Big Gora

Big Gora

Sunday, March 6, 2016

Maine sitar bajata hoon!

मैंने सितार बजाता हूँ ! (I play the sitar!)
Well, sort of. I try. I took a few hundred dollars that would have gone towards a conference (which I just didn't have the heart to attend this year--long, boring story, so never mind why), and instead bought this beautiful sitar! Check it out...
It came in this huge box! I am, as you know, a Big Gora, and this box comes up to my chest! Heavy, too. So I unpacked it, screwed on the smaller upper resonating bowl, and started goofing around with it.
You can tell this is fresh out of the box in two ways. First, I'm sitting on a bench in nothing near the same ZIP code as proper sitar-playing position. One of the very first things I learned is how to sit, and it's not this: instead, sit on the floor or a fairly flat cushion, cross the legs with left foot underneath, and prop the sitar against the left foot and right, upper leg. Second, I'm holding it like a guitar--another big no-no. Any sitar player can tell you that you hold its strings/frets exactly 90 degrees from the floor; you should be looking at the strings that mark each fret from about a foot behind the instrument. Unlike with a guitar, you don't look at the strings--they're on the other side of the board from you.
But what the hell, eh? As with learning Hindi itself, this is all about having a good time as I enjoy participating in Indian culture. I'm an amateur, etymologically meaning that I do it just for the love of it. What does it matter if I'm any good?
I'm intrigued by the Indian music notation system. It's called "Sargam," an acronym for the first four notes. Just as Western music has "Do Re Mi Fa" and so on, Indian notes have names: "Sa Re Ga Ma Pa Dha Ni Sa." There are three octaves, so the middle or base octave notes are just written as the (capital) letter without embellishment, whereas the upper octave places a dot over the letter and the lower, a dot below the letter. Thus, "S R G M" is all the notation you'd really need for those four middle-octave notes. Apparently--and I haven't gotten to this yet, in practice--sharps and flats, which is to say keys, are taken care of by tuning beforehand and/or by pulling a string to change the pitch. For now, I'm playing little scales and learning-the-notes and getting-used-to-the-notation-type exercises. I'll put up a short demonstration video as soon as I feel a little better about making that public.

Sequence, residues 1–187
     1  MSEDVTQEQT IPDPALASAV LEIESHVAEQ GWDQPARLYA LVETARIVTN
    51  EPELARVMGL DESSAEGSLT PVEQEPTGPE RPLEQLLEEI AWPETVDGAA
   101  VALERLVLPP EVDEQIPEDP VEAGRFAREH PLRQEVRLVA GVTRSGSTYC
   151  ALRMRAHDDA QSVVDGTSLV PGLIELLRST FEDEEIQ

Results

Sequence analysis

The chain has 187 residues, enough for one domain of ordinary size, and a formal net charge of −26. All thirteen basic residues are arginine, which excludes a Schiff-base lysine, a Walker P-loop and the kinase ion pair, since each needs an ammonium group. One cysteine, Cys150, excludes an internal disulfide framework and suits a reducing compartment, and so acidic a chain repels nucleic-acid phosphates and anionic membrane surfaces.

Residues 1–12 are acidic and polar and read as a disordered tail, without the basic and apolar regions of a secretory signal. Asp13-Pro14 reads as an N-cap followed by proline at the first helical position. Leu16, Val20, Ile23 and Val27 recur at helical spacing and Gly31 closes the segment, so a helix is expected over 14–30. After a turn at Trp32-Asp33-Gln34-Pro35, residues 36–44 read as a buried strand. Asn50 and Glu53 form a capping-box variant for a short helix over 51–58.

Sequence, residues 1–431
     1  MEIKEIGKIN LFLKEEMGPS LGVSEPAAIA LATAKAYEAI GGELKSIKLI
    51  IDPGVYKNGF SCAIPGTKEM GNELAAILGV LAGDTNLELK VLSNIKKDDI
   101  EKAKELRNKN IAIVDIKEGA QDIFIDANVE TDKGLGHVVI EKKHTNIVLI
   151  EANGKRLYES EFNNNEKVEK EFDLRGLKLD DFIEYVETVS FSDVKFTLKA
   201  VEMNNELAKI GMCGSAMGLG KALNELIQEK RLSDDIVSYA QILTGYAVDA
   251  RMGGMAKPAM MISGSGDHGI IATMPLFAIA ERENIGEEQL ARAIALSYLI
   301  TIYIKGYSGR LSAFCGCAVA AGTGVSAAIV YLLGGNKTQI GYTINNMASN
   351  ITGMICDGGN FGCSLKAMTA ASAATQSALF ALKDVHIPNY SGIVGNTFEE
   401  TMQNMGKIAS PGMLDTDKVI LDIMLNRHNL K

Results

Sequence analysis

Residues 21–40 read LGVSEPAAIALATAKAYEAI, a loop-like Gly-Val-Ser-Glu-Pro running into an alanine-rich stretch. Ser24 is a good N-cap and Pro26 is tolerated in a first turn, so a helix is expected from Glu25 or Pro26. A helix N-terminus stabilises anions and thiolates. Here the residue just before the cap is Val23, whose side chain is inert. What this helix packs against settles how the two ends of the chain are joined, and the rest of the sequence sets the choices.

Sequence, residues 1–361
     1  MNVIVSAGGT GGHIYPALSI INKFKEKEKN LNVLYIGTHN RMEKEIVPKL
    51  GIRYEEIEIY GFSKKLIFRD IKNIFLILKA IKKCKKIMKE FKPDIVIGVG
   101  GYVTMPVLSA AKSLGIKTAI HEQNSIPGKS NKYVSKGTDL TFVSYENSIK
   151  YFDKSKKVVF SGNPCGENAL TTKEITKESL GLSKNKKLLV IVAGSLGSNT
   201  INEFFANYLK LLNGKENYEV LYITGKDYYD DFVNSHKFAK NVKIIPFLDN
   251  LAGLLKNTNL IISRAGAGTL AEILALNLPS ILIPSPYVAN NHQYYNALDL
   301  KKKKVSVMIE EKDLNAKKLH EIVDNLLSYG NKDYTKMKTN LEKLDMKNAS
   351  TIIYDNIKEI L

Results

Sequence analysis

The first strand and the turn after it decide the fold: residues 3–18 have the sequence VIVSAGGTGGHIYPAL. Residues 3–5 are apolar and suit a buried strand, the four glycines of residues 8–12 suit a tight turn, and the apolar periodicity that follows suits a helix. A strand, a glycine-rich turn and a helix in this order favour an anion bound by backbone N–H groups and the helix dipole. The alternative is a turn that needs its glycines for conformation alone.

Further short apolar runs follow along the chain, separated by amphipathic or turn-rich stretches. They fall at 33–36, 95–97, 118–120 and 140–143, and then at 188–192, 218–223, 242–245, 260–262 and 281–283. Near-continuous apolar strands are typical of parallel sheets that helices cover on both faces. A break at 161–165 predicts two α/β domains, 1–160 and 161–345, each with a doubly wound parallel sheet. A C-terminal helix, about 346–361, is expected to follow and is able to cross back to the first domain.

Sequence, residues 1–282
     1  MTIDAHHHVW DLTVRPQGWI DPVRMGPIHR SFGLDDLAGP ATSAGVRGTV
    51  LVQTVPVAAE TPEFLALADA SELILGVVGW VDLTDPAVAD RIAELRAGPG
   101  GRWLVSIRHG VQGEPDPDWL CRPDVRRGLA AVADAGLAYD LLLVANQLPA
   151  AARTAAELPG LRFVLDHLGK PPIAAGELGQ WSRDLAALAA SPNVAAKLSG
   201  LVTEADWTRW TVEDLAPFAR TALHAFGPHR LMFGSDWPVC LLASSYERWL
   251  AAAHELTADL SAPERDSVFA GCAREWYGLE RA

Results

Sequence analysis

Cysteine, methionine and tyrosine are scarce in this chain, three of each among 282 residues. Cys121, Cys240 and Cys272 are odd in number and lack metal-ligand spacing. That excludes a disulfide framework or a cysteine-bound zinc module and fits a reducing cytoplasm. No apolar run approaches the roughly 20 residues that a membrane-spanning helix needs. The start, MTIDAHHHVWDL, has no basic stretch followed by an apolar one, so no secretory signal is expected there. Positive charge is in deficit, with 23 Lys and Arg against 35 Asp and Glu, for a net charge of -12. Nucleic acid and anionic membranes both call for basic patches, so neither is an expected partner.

It's a gorgeous instrument, and very satisfying to play. It's also one of the most engrossing things I've ever done; when I'm concentrating, I lose myself completely, more so than playing a video game or reading a good book. There is so much to learn! I need to learn the complicated art of tuning all those main and sympathetic strings, the "chikar" strokes (strumming the bottom few strings during play), how to keep a "drone" going (the signature sound of the sitar), and of course gain some dexterity/skill at basic play. Here I go!

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